WW2 SHORT STIRLING BOMBER GEARBOX COMES TO REST AT RAF LEEMING
News from the RAF Leeming Historical Training Facility
An exciting opportunity arose in late 2020 for the RAF Leeming Historical Training Facility (HTF) to formally become the custodians of an engine reduction gearbox from a downed WW2 Short Stirling Bomber. The Short Stirling was the first four-engined bomber to be introduced into service with the RAF and was praised for its handling characteristics in out-turning enemy night fighters. Although it was relegated to second line duties by 1943, replaced by the more capable Handley Page Halifax and Avro Lancaster, the Stirling was later used for mining German ports, and some were converted into glider tugs and supply aircraft during the Allied Invasion of Europe in 1944-45.
RAF Leeming played a pivotal role in this part of history: the task fell to 7 Sqn, based at RAF Leeming in 1940, to introduce the Short Stirling Bombers into RAF service.
The gearbox came from R9313 of 218 Sqn, unfortunately shot down over Sussex by ‘friendly fire’ when it was mistaken for a German aircraft in May1942. The Stirling crew had been returning to RAF Marham from a nickel raid (dropping of propaganda leaflets) over France. Sqn Ldr Ashworth DFC and his crew were able to safely escape the aircraft before it crashed.
The gearbox laid at rest for some 70 years, before being unearthed in 2012 by a team of archaeoligists. Having been stored at RAF Waddington since the find, the HTF Committee all agreed that the gearbox would be an excellent artefact to have on display at RAF Leeming. Not only was there a strong historical link to 7 Sqn, it provided a brilliant opportunity to undertake a STEM (science, technology, engineering and mathematics) project.
Aircraft engineering technicians from the RAF Leeming Visiting Aircraft Section (VAS) kindly agreed to carry out some sympathetic restoration and preservation work on the gearbox. Their first task was to carefully remove any excess mud and grime. Aside from the damage caused during the crash, the gearbox was remarkably well preserved. Thanks to the VAS Team, its intricate internal workings are now being showcased.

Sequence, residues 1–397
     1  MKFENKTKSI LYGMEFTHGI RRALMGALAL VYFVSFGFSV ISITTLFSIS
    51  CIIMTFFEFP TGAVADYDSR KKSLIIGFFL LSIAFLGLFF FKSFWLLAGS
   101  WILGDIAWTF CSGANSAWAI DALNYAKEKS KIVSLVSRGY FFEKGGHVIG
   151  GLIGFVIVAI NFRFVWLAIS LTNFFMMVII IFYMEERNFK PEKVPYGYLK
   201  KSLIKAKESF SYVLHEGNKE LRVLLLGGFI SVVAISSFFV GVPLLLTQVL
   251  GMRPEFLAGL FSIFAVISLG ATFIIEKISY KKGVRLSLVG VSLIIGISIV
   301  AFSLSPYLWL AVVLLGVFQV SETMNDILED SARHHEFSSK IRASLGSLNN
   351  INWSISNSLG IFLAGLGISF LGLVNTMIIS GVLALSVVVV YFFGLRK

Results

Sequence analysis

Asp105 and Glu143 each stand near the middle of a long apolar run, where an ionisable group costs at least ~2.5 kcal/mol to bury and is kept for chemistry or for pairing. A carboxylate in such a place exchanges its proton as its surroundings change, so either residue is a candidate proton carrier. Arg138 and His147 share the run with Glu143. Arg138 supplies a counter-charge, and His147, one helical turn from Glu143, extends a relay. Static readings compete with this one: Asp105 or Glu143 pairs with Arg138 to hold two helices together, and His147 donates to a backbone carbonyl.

The next task was to approach Station Workshops to investigate the feasibility of producing a bespoke, mobile, heavy-duty, stand for the gearbox to be mounted. This posed no problem to the team and an aesthically superb and robust stand was produced, which now attractively displays the gearbox to HTF visitors.
All those involved were cordially invited to the unveiling ceremony in July with the Stn Cdr, who praised the team effort of getting this important artefact proudly on display.
Additionally, due to the closure of RAF Linton-on-Ouse, some of the artefacts from their History Room have been transferred into the care of the RAF Leeming HTF. These include other components from Halifax aircraft to compliment the new reduction gearbox exhibit. RAF Leeming played another role in history with the Bristol Hercules engines fitted to the Halifax aircraft at RAF Leeming, operated by the Royal Canadian Air Force (RCAF) Squadrons and surrounding 6 Group units during WW2.
The RAF Leeming HTF is normally open every Tuesday for visitors. Other times can be arranged by appointment through the Committee members.